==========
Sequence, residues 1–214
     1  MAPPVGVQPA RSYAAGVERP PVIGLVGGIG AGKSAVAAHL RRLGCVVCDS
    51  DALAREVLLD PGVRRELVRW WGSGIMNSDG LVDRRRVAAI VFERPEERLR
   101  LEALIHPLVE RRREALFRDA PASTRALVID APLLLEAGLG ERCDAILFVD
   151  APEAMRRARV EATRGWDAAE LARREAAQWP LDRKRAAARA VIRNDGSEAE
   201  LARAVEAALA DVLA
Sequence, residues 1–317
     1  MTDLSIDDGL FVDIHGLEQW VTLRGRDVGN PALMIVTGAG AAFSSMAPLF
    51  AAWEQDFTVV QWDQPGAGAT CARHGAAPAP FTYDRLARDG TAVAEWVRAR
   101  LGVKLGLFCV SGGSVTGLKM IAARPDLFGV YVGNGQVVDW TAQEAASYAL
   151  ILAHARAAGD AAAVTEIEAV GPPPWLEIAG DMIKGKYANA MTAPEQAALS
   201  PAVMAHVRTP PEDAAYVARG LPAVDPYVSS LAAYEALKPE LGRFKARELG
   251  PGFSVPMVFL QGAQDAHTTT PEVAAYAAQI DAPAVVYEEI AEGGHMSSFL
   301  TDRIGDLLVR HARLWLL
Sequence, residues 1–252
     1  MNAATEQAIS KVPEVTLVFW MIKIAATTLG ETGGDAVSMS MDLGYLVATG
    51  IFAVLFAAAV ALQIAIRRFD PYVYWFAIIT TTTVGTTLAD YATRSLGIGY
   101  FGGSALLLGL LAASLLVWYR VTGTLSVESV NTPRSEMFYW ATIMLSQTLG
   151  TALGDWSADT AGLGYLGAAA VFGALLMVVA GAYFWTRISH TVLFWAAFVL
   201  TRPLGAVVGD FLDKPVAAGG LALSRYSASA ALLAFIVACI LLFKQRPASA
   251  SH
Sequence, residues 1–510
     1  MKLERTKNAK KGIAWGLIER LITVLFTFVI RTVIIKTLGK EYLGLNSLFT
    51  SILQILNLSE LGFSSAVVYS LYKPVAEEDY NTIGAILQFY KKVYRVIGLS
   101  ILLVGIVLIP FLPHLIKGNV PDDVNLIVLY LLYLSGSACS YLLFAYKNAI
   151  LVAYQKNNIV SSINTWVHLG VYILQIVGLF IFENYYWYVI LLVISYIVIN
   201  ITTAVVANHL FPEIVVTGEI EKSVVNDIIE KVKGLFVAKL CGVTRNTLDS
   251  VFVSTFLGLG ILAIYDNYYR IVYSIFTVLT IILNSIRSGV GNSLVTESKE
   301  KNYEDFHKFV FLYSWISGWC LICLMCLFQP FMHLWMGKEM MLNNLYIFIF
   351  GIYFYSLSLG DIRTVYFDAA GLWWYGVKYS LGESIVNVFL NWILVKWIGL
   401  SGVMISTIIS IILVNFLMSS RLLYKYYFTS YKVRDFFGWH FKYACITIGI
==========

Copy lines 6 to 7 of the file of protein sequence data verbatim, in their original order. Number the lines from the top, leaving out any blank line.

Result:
   201  LARAVEAALA DVLA
Sequence, residues 1–317